The Liberal leader is pushing the minority Harper government to adopt a single national standard of 360 hours - or nine weeks - of work to qualify for jobless benefits.
That's very close to the eight-week eligibility rule introduced by Pierre Trudeau's Liberals in 1971, sparking a spike in seasonal unemployment and an electoral backlash that helped cost Trudeau his majority in the 1972 election.
"What happened in '71 to my mind was a policy catastrophe," says University of Ottawa economist David Gray.
To repeat it today "would just be catastrophic for the Canadian economy."
Back in 1971, the reforms introduced by then-labour minister Bryce Mackasey were blamed for actually increasing the unemployment rate by one to two percentage points. The ranks of seasonal workers swelled as employees, aided and abetted by employers who adjusted their contracts, worked the minimum eight-week qualifying period and went on the dole.
"It opened the floodgates," says Catherine Swift, president of the Canadian Federation of Independent Business.
"The number (of seasonal fishermen) doubled overnight, literally, because suddenly the dole was available."
The small-business group, then in its infancy and headed by John Bulloch, led a crusade against Mackasey's '71 reforms. Governments have been tinkering with the EI system ever since, trying to unravel some of the unintended consequences.
Now, Swift says the CFIB is on the warpath once again, fighting Ignatieff's proposed 360-hour eligibility standard, which she dismisses as "just ludicrous."
"You're just asking for abuse of the system."
Bulloch is looking on in amazement at the way history seems to be repeating itself.
"This is how parties stumble onto dumb things. They don't do their history," he muses.
But Liberals insist they've done their homework and have included measures to prevent a repeat.
For instance, Ignatieff's 360 hours is to be a temporary eligibility standard only, just until the economy recovers sufficiently to start creating jobs again.
"It doesn't create (labour force and economic) distortion if it's a temporary measure," says Montreal MP Marlene Jennings, a Liberal member of the bipartisan working group currently negotiating EI reforms.
The Tories have characterized Ignatieff's proposal as amounting to almost a year's worth of EI benefits for only nine weeks of work - which Liberals dismiss as "nonsense."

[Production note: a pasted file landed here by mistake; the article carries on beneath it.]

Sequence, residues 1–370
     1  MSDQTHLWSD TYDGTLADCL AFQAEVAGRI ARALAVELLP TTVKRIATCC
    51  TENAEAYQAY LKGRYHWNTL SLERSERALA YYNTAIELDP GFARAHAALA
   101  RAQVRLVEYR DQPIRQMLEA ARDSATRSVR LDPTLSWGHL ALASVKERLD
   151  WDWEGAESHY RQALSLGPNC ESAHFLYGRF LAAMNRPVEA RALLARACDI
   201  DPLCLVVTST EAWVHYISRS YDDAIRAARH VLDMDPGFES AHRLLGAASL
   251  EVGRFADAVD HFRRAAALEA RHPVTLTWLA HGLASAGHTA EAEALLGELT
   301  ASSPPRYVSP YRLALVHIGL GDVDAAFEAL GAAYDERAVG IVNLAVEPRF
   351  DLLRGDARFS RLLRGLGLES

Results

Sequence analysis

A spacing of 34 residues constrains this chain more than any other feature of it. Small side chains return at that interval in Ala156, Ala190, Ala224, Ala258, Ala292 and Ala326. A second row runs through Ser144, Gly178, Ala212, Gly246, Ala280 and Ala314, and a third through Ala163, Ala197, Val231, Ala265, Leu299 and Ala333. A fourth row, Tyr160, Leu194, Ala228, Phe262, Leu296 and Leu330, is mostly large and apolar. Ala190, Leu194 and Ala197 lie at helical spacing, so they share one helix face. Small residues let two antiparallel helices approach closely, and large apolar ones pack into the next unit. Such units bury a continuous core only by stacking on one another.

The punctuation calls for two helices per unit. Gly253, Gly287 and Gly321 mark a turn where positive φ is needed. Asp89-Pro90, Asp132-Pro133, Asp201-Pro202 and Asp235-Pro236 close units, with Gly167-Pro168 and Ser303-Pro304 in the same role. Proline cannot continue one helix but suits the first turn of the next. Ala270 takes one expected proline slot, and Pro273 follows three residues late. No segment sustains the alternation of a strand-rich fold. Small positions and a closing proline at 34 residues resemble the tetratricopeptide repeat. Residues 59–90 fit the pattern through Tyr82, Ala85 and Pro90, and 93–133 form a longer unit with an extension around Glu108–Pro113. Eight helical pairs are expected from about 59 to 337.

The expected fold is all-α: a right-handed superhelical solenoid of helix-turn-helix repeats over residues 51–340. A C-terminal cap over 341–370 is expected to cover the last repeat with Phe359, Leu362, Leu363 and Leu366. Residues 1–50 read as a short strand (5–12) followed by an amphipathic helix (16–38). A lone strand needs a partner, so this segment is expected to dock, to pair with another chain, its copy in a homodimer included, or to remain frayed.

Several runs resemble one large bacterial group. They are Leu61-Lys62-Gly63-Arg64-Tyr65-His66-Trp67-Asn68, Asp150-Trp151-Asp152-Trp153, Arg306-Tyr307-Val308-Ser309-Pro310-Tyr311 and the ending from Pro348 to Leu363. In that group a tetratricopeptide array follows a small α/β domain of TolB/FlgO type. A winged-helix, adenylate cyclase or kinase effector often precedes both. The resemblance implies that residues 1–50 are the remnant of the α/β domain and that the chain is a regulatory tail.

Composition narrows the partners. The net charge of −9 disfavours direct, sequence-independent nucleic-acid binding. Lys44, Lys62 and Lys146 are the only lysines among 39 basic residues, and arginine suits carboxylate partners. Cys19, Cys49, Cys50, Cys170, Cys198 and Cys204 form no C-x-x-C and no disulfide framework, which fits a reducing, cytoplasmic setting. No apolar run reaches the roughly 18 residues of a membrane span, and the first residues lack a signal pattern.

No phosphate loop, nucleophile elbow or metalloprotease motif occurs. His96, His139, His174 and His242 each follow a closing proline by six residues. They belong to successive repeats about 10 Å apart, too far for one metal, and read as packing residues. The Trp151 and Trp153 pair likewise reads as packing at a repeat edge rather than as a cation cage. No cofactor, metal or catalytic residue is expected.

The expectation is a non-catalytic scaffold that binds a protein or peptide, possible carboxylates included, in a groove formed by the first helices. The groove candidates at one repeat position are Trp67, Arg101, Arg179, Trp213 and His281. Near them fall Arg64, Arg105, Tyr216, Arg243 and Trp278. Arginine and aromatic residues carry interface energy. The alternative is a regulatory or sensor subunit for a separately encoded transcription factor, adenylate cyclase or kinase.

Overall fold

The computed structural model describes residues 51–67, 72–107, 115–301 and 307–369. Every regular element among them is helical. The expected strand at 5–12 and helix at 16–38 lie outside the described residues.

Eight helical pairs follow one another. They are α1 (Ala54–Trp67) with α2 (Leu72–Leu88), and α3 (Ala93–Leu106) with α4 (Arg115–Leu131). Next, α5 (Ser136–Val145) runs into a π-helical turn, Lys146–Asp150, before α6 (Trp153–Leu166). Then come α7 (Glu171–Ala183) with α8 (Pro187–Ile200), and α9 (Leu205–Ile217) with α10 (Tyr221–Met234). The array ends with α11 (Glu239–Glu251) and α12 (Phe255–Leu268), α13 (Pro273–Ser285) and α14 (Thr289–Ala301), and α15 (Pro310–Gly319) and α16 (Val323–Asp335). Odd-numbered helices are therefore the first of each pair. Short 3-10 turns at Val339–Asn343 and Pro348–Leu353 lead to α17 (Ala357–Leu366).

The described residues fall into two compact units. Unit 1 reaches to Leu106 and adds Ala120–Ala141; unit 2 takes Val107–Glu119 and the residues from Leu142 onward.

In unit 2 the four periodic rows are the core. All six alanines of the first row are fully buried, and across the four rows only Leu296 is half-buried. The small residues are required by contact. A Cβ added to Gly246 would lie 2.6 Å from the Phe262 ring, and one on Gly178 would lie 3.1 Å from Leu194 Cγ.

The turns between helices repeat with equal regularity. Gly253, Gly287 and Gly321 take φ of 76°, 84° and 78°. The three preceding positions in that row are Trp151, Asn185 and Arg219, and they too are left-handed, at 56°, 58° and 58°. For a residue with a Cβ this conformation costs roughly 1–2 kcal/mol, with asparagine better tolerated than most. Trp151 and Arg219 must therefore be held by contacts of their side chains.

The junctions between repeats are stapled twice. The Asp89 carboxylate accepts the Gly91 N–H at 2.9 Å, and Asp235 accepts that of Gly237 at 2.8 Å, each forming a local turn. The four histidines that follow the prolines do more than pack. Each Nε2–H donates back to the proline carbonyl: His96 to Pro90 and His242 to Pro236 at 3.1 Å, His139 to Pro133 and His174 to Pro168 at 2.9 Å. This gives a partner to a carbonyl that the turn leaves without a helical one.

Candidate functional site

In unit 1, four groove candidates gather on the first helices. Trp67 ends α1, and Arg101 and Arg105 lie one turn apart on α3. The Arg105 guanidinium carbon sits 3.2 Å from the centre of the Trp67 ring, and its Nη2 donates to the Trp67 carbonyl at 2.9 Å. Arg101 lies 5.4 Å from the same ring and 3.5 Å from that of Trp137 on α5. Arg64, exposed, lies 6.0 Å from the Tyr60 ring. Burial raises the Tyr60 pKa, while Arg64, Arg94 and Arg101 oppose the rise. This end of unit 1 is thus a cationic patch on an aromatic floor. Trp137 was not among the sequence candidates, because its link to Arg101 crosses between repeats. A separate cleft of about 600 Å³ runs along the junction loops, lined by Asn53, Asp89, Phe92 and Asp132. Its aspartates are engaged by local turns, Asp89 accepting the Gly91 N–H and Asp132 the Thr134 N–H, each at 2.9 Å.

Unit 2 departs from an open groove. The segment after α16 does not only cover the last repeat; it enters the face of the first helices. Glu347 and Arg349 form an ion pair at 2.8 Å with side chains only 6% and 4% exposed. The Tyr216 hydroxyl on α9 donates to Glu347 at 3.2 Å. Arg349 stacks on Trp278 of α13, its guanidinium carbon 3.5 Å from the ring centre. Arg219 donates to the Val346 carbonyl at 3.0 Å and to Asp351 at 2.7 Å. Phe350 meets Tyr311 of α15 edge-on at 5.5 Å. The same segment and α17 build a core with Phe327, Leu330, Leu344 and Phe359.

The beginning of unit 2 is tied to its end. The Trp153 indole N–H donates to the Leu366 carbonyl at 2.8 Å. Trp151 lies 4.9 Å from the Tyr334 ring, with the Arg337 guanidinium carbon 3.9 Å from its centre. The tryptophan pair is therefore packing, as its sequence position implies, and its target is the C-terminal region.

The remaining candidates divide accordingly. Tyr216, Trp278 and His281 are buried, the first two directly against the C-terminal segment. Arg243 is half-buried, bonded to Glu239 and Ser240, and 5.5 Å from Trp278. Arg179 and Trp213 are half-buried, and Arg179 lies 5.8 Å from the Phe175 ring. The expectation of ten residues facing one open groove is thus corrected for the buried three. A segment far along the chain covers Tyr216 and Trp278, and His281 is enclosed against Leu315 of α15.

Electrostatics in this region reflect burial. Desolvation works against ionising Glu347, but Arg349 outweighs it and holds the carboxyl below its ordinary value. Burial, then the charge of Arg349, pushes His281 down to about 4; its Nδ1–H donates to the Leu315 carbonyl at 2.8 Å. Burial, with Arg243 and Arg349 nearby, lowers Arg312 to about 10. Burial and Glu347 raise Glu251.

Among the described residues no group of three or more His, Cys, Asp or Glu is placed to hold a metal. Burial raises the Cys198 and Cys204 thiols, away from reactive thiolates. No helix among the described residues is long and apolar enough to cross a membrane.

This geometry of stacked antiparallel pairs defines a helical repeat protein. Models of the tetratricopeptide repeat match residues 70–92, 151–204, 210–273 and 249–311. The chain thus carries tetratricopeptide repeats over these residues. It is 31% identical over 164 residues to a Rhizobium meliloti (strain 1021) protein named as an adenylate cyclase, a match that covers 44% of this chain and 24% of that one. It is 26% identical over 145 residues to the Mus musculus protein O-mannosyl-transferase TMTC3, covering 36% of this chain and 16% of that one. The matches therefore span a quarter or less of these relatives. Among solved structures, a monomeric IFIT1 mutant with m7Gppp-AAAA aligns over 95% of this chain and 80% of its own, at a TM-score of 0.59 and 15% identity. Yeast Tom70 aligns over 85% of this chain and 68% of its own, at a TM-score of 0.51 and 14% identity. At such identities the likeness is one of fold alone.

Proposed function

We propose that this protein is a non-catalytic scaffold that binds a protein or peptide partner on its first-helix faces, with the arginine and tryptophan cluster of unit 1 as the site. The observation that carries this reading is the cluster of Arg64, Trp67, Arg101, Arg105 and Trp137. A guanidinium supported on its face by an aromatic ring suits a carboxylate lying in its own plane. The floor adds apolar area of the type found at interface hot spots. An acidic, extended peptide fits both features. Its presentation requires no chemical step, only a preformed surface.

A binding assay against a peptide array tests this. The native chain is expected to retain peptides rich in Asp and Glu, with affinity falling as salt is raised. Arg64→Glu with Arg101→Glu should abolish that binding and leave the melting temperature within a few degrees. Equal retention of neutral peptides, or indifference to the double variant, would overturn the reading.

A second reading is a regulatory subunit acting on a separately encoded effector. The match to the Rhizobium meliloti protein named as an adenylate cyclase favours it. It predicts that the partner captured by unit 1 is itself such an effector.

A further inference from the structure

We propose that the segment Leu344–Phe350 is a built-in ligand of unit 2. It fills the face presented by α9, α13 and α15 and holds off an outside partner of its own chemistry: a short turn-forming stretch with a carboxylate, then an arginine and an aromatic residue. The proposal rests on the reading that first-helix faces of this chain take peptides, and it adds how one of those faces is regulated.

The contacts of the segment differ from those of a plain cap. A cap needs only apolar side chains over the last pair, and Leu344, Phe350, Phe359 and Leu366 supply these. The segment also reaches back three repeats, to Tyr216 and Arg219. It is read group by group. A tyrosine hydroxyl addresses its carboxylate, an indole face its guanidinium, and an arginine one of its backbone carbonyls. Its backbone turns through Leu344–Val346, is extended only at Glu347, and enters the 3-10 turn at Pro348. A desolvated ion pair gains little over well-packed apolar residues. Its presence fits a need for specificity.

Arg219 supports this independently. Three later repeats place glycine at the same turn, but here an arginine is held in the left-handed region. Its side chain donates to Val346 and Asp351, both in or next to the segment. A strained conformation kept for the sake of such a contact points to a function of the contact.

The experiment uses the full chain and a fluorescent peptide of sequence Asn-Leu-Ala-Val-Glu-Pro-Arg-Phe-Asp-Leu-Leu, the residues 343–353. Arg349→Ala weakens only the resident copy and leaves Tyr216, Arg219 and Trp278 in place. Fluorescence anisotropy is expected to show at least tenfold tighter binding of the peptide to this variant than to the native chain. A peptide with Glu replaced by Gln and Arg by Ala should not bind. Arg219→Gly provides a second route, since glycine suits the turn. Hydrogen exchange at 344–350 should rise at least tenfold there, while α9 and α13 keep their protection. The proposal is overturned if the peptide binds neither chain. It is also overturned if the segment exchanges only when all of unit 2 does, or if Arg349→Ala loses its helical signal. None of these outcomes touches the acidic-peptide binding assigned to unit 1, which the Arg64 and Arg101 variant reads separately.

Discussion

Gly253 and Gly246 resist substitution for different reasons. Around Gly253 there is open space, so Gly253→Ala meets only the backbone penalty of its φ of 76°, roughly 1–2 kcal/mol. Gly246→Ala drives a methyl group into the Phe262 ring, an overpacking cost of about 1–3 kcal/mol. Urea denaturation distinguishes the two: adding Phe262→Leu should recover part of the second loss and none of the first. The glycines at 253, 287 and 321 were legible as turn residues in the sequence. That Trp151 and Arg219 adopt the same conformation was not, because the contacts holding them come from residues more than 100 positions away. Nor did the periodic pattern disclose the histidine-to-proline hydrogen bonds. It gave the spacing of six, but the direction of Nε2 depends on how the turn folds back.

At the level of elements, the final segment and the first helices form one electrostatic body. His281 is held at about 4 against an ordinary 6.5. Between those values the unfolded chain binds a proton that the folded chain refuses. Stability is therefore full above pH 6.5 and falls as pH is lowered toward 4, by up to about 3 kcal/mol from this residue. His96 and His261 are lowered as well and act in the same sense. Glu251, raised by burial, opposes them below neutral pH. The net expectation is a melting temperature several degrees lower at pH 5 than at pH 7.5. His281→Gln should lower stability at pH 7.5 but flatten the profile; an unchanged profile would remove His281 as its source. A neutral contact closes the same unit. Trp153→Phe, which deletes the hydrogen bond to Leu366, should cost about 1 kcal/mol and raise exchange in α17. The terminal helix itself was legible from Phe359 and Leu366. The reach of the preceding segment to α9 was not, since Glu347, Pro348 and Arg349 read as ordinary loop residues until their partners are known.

While they haven't worked out all the details, Liberals say a person with 360 hours would be eligible for no more than 19 to 37 weeks of benefits - the same duration as now applies to those with the current minimum of 420 hours.
As part of their negotiations with Prime Minister Stephen Harper's Conservatives, Jennings says Liberals have asked departmental officials to explore a variety of scenarios, including:
-A minimum of 19 weeks of benefits regardless of the unemployment rate in a recipient's local area.
-A minimum benefit period of less than 19 weeks.
-Pegging the duration of benefits to local unemployment rates, possibly setting a threshold, for instance, of 10 per cent unemployment before benefits would flow.
Until such details are settled, economists acknowledge it's difficult to assess what impact the Liberals' reform proposal might have. But they're not particularly reassured by the promise that the 360-hour threshold would be temporary.
"I've watched the machinations around the unemployment insurance regime for the better part of 20 years now," says Gray.
"And it's so easy to expand coverage and every time they try to tighten it in the slightest way it elicits political pressure that is often efficacious."
Unless the duration of benefits is kept very short and repeat usage is strictly limited, Gray also worries that Ignatieff's proposal could turn the current pockets of structural seasonal unemployment in places like New Brunswick and Newfoundland and Labrador into a nationwide phenomenon.
"We'll have the EI trap in all of the Canadian labour force instead of in only three or four per cent of the Canadian labour force," he says.
Colin Busby, policy analyst with the C.D. Howe Institute, agrees that lowering the entrance requirement in traditionally low unemployment provinces like Ontario, Alberta and British Columbia "could create seasonal unemployment where maybe it didn't exist before."
"The consequence of lowering (the minimum threshold) ... in places like Alberta from 700 hours in most places to all of a sudden 360, well, you know what, it's likely that you'll create more forms of seasonal unemployment over time," Busby says.
Both Gray and Busby agree it's unfair and illogical to have 58 different requirements - from 420 to 700 hours of work - for qualifying for EI benefits, depending on local unemployment rates. And they agree in principle with Ignatieff's demand for a single national standard.
However, they're concerned that 360 hours would be setting the bar too low. Both suggest the standard should be something higher than the current minimum of 420 hours.
Swift isn't sold on the idea of a single national standard at all. She suggests the system could be made more equitable by reducing the 58 different entry requirements. At the same time, she'd raise the minimum threshold to something more than 420 hours.
"I don't know what the magic number would be there, but it would be a heck of a lot higher than 360."